EL HERALDO, January 13, 2022

(Translated by Eunice Gibson, CSN Volunteer Translator)

Human Rights Watch states that neither is there a “legal framework” that would contribute to providing justice for their violations of human rights.

During a year in which the protests lasted for months in the streets of Colombia, and left 84 killed, 25 of which were killed by the Police, Human Rights Watch (HRW), in its annual report issued this week, has criticized the government because it “still has not adopted significant measures to reform its police force.”

In the protests that began on April 28 and extended until June, where dozens of thousands of people demonstrated their social dissatisfaction in cities in this country, the “Police officials repeatedly and arbitrarily dispersed the peaceful demonstrations and used excessive force, frequently brutal force, including live fire and sexual violence,” points out the report that was published today.

Besides producing arbitrary arrests, there have been several cases of sexual assault, dozens of eye injuries, and reports of tortures and mistreatment, as the report points out, in events that not only HRW, but also international organizations, have been denouncing for months.

After the protests, the government announced a reform of the Police—a body that in Colombia continues to be entirely military—and that the opposition called merely cosmetic.

HRW claims that now, more than half a year after the protests, the government “still has not adopted significant measures to reform its forces.”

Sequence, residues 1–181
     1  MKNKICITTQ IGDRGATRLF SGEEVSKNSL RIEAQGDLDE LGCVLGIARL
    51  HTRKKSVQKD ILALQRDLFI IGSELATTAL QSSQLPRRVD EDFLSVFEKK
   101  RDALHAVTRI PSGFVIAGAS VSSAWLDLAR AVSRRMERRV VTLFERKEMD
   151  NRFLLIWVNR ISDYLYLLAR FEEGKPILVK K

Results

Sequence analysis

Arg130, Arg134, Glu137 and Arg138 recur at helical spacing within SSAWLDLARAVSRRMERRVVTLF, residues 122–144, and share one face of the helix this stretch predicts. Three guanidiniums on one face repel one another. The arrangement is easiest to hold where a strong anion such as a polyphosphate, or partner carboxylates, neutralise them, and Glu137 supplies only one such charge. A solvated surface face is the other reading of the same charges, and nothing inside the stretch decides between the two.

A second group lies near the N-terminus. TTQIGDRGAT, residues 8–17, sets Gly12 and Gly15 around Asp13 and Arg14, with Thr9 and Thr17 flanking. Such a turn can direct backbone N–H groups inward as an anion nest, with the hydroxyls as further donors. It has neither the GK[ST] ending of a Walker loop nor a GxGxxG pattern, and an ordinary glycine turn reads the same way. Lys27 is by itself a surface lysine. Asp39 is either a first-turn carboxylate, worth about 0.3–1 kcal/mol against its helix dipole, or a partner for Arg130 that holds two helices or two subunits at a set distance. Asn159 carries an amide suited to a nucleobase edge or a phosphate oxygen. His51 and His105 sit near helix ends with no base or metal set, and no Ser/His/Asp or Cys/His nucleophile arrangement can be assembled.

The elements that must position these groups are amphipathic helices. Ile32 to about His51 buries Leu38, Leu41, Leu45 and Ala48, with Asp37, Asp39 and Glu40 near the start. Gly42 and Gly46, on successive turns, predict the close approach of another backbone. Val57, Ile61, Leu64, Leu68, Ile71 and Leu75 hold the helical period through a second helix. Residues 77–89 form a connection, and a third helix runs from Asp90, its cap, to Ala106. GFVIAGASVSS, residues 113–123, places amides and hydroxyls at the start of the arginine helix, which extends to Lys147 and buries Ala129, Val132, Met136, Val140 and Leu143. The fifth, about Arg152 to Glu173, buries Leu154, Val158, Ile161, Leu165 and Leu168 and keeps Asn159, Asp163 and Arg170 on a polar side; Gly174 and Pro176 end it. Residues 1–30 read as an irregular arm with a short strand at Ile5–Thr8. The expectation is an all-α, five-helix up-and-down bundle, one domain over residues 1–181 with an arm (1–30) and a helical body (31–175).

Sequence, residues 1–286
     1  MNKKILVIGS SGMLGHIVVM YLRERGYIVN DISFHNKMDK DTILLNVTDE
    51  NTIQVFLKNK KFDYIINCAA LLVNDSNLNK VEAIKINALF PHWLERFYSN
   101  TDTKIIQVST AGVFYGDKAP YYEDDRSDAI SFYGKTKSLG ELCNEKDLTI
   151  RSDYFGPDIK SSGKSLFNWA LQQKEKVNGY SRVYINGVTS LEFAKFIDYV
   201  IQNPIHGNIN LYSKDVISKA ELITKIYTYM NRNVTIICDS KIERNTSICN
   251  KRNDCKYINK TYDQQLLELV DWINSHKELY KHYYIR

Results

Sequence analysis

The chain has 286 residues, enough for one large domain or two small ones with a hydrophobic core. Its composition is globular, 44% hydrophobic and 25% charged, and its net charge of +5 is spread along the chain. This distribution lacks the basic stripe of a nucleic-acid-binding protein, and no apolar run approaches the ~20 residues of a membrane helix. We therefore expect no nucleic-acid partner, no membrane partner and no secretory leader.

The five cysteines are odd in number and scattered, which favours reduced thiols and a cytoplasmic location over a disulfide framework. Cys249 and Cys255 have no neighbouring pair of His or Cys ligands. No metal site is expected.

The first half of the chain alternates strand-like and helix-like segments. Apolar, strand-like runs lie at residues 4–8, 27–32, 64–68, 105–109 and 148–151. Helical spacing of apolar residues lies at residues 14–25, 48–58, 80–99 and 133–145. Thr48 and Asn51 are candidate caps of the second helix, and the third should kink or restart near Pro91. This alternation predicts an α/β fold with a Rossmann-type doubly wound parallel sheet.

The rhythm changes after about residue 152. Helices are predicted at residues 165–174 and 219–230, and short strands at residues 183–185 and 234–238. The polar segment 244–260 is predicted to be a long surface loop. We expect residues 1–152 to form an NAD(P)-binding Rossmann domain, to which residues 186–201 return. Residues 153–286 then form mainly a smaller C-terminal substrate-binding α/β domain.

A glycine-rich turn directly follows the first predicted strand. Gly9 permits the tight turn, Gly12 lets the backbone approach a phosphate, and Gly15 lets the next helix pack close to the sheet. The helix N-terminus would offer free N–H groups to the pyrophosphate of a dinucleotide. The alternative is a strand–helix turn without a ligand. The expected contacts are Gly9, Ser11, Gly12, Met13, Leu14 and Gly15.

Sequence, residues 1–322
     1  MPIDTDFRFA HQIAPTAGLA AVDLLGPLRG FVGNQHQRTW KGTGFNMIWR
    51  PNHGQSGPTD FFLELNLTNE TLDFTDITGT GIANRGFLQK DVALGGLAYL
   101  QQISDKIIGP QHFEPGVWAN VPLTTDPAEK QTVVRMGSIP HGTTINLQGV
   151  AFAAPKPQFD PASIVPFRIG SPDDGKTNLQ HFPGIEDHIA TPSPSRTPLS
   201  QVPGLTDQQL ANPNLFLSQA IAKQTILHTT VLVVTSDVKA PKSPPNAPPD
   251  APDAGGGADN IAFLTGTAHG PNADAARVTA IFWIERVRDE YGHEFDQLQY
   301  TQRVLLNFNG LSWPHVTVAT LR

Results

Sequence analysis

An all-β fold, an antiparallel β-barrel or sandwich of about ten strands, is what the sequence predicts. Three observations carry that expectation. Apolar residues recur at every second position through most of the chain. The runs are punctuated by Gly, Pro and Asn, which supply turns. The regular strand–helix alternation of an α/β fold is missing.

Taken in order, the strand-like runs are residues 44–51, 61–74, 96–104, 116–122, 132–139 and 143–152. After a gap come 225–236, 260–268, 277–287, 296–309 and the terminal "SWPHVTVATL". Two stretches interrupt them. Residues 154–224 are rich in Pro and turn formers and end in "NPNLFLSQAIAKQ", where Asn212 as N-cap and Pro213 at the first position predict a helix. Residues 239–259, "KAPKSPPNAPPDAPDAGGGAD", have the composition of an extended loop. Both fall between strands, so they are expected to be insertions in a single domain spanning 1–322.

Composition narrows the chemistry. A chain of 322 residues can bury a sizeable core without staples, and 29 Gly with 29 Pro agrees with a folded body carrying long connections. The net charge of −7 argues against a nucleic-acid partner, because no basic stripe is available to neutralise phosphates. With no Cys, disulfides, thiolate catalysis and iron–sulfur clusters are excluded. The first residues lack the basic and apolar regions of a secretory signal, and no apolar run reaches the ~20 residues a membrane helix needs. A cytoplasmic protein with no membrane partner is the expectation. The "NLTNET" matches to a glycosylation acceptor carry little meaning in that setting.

Neither, HRW insists, is there “a legal framework that could contribute to doing justice for the human rights violations.”

Social leaders continue to be unprotected. In the report, HRW states that, in spite of the signing of the Peace Agreement in 2016 between the government and the FARC guerrillas, “the violence related to the conflict has taken new forms and the abuses by armed groups, including murders, massacres, and massive forced displacements, have all increased in remote areas of Colombia in 2021.”

According to statistics from the UN Office for Human Rights, 2020 was the year with the most massacres (76) since 2014, but between January and September of 2021, there were 82.

The UN has pointed out that more than 500 human rights defenders have been murdered in Colombia since 2016, and that at least 290 signers of the Peace Agreement have also lost their lives.

“The measures adopted by the government have been insufficient and inadequate to protect them,” in the opinion of the human rights organization.

“The guerrillas of the ELN have continued to commit war crimes and other abuses against civilians in 2021,” as well as the paramilitaries, the Gaitanista Self-Defense forces of Colombia (AGC) or Clan del Golfo, who are responsible for many of those murders, displacements, and massacres.

HRW has also collected complaints of threats to the independence of the legal system, especially in the case of former President Álvaro Uribe (2002-2010), as “President Iván Duque and other leaders of the governing party, Democratic Center, have made declarations that apparently are trying to defame or intimidate the Court and undermine the legitimacy of its decision.”

And the report praises the progress made by the Special Jurisdiction for Peace (JEP), the transitional justice system that comes out of the Peace Agreement, for its investigations of war crimes in the conflict and its first decisions to charge prior high officials of the FARC for the crimes of kidnapping, and former members of the military for extrajudicial executions.

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